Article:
As you can imagine, the MailChimp Abuse Desk receives some really nasty emails from people. Fortunately, we also get a lot of very positive emails from people trying to do the right thing, and who genuinely appreciate the measures we’ve put in place to protect the email ecosystem. If you work in an abuse desk somewhere — either an ISP or an ESP — this post is for you.
Here’s a nice email we got today:
“We just wanted to drop you a note to thank you for your patience and your advice last month as we migrated to your system. We’re fairly confident now in our assumption that your fantastic deliverability was the cause for the elevated abuse complaint rate that we hadn’t seen before. [Competing ESP] just didn’t get emails to those people it seems!
We had a few complaints this month as we migrated more of our database into your system, but they were at a manageable level and we saw complaints drop precipitously in the existing lists that had issues last month. This is what we had hoped for and assumed would happen. As our intake of new subscribers was at the normal rate, if the cause of our problems had been subscribers who felt duped somehow we assume the complaint rate would have stayed the same. We’re very glad to see confirmed what we had assumed and hoped was the case.
So, this is just a note to apologize again for the problems last month and to say how much we appreciate your great service and your fantastic product. We look forward to a long and fruitful relationship and we’ll always be here to answer to you if you have any questions or concerns :) Thanks!”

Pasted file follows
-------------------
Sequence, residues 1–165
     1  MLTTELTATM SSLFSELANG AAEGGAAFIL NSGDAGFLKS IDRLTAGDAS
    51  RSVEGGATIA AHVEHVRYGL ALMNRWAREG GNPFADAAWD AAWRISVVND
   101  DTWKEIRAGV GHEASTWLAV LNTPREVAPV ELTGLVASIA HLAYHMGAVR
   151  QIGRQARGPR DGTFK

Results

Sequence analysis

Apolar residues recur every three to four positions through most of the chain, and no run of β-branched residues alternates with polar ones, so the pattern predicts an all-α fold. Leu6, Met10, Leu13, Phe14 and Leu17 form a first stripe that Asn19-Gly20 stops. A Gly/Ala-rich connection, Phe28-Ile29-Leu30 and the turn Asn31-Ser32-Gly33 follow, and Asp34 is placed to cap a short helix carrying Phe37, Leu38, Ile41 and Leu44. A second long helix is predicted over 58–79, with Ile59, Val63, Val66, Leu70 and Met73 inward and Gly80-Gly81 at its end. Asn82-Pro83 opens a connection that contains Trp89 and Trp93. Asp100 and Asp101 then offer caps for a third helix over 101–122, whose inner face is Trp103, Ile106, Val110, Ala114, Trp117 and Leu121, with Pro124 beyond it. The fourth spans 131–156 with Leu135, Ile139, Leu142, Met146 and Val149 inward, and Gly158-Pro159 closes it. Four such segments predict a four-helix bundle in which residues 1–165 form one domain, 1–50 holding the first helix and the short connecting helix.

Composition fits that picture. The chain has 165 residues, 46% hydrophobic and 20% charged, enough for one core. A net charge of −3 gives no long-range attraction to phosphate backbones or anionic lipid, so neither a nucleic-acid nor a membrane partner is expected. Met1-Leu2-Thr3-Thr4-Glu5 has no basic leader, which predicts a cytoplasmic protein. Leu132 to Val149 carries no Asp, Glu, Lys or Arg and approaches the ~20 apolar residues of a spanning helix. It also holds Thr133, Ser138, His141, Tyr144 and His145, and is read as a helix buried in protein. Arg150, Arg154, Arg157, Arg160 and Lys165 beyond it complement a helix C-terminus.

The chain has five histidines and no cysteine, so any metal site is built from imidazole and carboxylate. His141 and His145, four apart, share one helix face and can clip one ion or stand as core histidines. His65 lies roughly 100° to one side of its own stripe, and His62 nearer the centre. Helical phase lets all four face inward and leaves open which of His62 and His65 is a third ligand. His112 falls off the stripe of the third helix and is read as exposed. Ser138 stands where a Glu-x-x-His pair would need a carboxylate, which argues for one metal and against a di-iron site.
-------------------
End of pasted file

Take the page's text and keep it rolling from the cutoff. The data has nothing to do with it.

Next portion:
The first paragraph is a common (and ironic) issue. Sometimes, better deliverability can actually get you into trouble. Some people send emails from their own servers for years, and don’t realize how bad their deliverability is. When they switch to an ESP, their deliverability improves, and suddenly their subscribers are getting their emails for the first time. What’s their reaction? Usually, something like, “Who are you? I signed up 2 years ago, and you’re just now contacting me with a newsletter out of nowhere?!?”
For the record, I have no idea if that sender will be fine moving forward. It’s very possible things will go wrong again, which is why we have automated processes constantly watching. But it’s always nice to see people who care about email, and want to take responsibility for what they’re doing.
Other encouraging notes:
“It is greatly reassuring to have both a great service and to feel this kind of security is in place to ensure deliverability. Thanks a whole lot and I will be keeping watch to make sure it will not happen again!”
and here’s a bittersweet one from a user we unfortunately couldn’t help:
I wanted to thank you and the rest of the team there at MailChimp for the help on our accounts over the past few months. We appreciate your efforts and your level of professionalism. Job well done.
Unfortunately, the shareholders have expressed an interest in keeping the [REDACTED] and [REDACTED] brands paired and have secured another ESP for us to use.
Thanks, hope to work with you again and the [REDACTED] division will be staying with the Chimperoo.
It’s been a looong time since I was running our abuse desk, but I can guess that the problem above was that the client wanted to combine two lists that were obtained by two different brands under two different permission circumstances. Our advice is to email each list separately to notify them of the impending “merger,” then move forward with the combined lists. Sometimes, people just don’t want to do that. It’s their prerogative, but it’s our servers. It’s nice when customers get that.